Overcrowding in the computing faculty and campus accommodation rent hikes were among the issues Class Rep Council (CRC) brought to DCU President, Professor Brian MacCraith.
MacCraith put himself in the hot seat and invited questions from the reps in attendance. Three students raised the issue of overcrowding and underfunding in the computer sciences faculty. With one final year computer applications student describing the situation as “dire”.
“Does it concern you .. us going out to workforce with DCU degrees that aren’t up to standard because of the lack of funding that we have?” She probed MacCraith.
“There’s more people than there has ever been and it’s so evident in the lecturing capabilities and resources in the labs,” another student from the faculty added.
MacCraith admitted the faculty was under strain, but said the quality of degrees have not suffered. “I’ll accept that we’re operating at maximum levels but I don’t think we’ve crossed that line yet and that’s why I say there’s need for investment.”
“There are no messages coming to me from industry that the quality of our graduates are diminishing. Our computing students are the most in demand computing graduates of any Irish university and continue to be so.”
The rent increases in campus accommodation were also raised. Economics, Politics and Law student, Sean Cassidy criticised the university’s decision to raise campus rents for a third consecutive year.
“I’ve been doing some analysis on the increase happening in campus res over the past couple of years. Two years ago it was 3 per cent, last year it was three per cent this year it was 10 per cent, actually for DCU students it’s a 10 per cent increase, for anyone sitting in St Pats it’s a 38 per cent increase,” he claimed.
However MacCraith challenged these figures, claiming the rent was set to raise by three per cent. “The figures you have don’t agree with the figures I have and I’m not going to get into a battle with you on that.”
Despite being faced with a barrage of difficult questions, MacCraith said he wouldn’t shy away from addressing students’ issues. “If asked by CRC, I’ll always be available. I’ll never avoid questions. I’ll always be available in that regard. I never want senior management to become disconnected,” he said.
Another rep quizzed the president on the merging of timetables after the amalgamation. MacCraith said the DCU timetable will be the base for the academic calendar going forward with one exception, “We’d like to bring the completion of semester one exams before Christmas,” he said.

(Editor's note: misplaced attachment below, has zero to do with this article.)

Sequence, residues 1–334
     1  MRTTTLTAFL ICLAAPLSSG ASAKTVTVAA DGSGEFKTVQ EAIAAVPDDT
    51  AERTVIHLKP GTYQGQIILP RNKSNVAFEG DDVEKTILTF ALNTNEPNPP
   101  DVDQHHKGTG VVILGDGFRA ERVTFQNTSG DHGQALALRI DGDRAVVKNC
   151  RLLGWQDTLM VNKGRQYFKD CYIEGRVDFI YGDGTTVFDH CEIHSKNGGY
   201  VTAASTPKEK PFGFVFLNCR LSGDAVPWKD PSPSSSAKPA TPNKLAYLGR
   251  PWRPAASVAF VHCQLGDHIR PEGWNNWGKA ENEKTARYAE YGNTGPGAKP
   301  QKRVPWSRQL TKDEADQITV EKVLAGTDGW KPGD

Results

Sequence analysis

During his presentation, MacCraith revealed major renovations planned for the campus.
“All of the contracts have now been signed. We will be announcing a campus development plan worth over €200 million for primarily this campus.”
“We’ve hit capacity problems you’re probably seeing that yourselves in some of your lectures. We need more lecture space. We need more student accommodation. We need more laboratories and so on. To allow that growth, this is loan finance so we’ll take out loans. We’ll negotiate with the European Investment Bank and the Irish Strategic Investment Fund.”
The professor told students plans for the reconstruction of the student centre are at an “advanced stage of the design”.
“It’s going to transform this campus and the student experience on this campus for many decades to come.
He briefly outlined some of the plans for the space, “leadership and life skills centre will be in there; a whole chunk of the floor will be innovation and entrepreneurship; a global section for our global student community; arts and culture spaces; the various media elements of the campus itself will have a section there; clubs and socs of course; the Students’ Union. It’ll be a fantastic building on the campus itself. We start breaking ground on that in June.”
Students will be tasked with naming the new centre. “There will be a competition for students to name the building that will run through the SU.”